Open to the public & the campus community-
Friday, November 11th
Multipurpose Classroom Building (MPCB) – Room 106
Adding Fuel to the Fire?
Orthorexia and Gendered Eating
Orthorexia is an obsession with maintaining the perfect diet for optimal health. Whereas people with anorexia are obsessed with the quantity of the food they eat, people with orthorexia are fixated on the quality of the food they eat. In contrast to anorexia, which disproportionately affects young women, orthorexia appears to affect men and women at roughly equal rates. At the same time, gendered eating norms play into the manifestation of orthorexia. Ideals of health are different for men and women: health for men is linked to strength and endurance, while for women it is equated with attractiveness (i.e., thinness) and competence. These differences are important when asking why the quest for a healthy diet might turn destructive. I suggest that the root answer to this question lies in philosophical traditions that seek to transcend (rather than embrace) the body. In short, orthorexia is just the newest manifestation of body-loathing. This recognition gives us strong reason to resist cultural assignations of certain foods as ‘good’ or ‘bad’ and to push hard against the force those terms acquire in the endless quest for ‘healthy living.’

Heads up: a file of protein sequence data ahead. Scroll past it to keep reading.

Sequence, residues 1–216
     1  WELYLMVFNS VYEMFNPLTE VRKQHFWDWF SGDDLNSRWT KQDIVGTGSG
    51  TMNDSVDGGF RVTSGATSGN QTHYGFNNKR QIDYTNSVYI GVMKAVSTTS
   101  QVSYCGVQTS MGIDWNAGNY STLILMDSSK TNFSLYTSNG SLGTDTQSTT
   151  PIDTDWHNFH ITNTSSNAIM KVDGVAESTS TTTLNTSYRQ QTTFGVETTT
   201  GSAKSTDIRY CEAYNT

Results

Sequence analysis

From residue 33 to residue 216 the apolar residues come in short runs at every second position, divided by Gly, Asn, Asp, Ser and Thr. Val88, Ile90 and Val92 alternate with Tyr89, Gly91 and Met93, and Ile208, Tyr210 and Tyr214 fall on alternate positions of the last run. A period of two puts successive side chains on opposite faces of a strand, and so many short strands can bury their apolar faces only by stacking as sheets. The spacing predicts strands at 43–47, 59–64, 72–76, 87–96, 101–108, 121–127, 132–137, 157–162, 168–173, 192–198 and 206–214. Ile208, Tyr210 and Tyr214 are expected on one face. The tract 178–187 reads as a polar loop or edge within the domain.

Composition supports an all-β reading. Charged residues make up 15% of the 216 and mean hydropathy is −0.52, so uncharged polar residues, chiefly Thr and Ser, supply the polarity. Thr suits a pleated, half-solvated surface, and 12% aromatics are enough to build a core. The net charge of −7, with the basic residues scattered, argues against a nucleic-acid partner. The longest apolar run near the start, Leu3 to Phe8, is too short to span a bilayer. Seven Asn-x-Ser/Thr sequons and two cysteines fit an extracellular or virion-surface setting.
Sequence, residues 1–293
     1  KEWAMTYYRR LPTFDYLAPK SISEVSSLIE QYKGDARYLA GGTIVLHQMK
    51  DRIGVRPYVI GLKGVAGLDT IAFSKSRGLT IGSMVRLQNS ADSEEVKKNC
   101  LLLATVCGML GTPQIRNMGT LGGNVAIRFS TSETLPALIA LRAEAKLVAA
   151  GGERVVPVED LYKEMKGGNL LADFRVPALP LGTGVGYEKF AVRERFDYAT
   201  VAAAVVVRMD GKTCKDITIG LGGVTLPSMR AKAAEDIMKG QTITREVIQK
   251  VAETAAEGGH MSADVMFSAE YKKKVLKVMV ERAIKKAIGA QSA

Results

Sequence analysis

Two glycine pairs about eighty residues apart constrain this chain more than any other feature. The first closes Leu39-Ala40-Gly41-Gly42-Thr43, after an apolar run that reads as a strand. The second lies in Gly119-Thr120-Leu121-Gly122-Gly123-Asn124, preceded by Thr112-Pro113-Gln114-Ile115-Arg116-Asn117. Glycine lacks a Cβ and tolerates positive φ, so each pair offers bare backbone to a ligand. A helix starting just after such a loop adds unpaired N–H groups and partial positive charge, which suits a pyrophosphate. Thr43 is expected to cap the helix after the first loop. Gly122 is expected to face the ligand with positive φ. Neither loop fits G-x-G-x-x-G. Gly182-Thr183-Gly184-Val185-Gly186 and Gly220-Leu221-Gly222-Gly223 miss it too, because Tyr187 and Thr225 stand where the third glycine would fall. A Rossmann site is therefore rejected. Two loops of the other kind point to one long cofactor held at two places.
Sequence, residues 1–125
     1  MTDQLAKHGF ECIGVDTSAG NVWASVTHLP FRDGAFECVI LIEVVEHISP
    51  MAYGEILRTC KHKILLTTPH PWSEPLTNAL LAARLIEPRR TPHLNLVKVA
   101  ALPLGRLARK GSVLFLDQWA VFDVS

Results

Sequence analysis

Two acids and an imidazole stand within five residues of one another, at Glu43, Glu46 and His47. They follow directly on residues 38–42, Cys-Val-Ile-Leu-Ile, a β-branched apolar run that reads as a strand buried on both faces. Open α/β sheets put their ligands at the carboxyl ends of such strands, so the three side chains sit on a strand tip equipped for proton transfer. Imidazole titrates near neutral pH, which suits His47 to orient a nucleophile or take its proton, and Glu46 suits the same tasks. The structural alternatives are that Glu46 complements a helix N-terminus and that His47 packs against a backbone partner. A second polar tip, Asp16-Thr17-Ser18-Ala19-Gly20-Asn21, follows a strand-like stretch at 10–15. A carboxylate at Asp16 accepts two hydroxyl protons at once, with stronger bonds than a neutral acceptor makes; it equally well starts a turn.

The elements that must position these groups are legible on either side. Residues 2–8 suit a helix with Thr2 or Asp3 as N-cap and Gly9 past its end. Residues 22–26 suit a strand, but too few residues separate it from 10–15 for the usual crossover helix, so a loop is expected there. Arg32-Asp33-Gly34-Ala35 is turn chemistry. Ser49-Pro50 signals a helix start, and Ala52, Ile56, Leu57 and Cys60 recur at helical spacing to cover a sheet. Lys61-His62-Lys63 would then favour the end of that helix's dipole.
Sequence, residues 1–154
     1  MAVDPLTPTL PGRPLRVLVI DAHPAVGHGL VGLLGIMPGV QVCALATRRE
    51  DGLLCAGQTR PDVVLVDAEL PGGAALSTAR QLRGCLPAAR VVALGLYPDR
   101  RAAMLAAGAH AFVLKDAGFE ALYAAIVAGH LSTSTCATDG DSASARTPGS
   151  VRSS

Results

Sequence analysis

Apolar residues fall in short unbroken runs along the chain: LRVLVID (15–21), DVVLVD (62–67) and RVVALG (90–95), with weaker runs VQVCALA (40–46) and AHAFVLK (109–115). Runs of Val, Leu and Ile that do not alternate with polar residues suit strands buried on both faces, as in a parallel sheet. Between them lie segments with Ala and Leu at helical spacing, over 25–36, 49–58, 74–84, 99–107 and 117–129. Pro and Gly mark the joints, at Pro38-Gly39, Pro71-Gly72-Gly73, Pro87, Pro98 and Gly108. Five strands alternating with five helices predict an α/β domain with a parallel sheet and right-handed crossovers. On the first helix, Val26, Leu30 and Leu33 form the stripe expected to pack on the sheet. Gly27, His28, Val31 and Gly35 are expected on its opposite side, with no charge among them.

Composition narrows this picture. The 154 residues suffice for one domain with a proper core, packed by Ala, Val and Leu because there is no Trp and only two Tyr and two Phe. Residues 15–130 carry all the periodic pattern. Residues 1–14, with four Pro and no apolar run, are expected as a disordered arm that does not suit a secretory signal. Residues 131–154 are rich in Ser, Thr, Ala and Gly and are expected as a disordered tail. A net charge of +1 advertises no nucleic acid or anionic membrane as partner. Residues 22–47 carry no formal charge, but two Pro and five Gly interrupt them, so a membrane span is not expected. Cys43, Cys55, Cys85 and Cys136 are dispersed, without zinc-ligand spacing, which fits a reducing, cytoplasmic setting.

Students and faculty of Philosophy and students in other interested disciplines — please join the Philosophy Department for a discussion:
Saturday, November 12th
Interactive Learning Center (ILC) – Room 303
God in Us:
Emotion, Embodiment, and Medieval Mysticism
Mystical experiences are often seen as the highest form of religious experience, as they are taken to involve unmediated contact with the Divine. At the same time, as highly uncommon experiences with no means of external verification, mystical experiences are often viewed with suspicion. Together with other factors, this suspicion has produced a definition of ‘mystical experience’ in analytic philosophy of religion that explicitly excludes affective and embodied experiences. Appealing to the medieval affective tradition, I argue that we should believe the testimony of the vast number of contemplatives who report that they have had physical and sensory mystical experiences giving them a real connection to an incarnate God. I conclude by offering a proposal in analogy with the familiar Kübler-Ross model of the five stages of grief: the sort of union with God focused on in current discussions is just one of a number of valid mystical experiences that comprise the mystic’s life. Although this does not leave us with a technical definition of mystical experience, I suggest that the quest for such a definition might hinder understanding of the mystic’s life.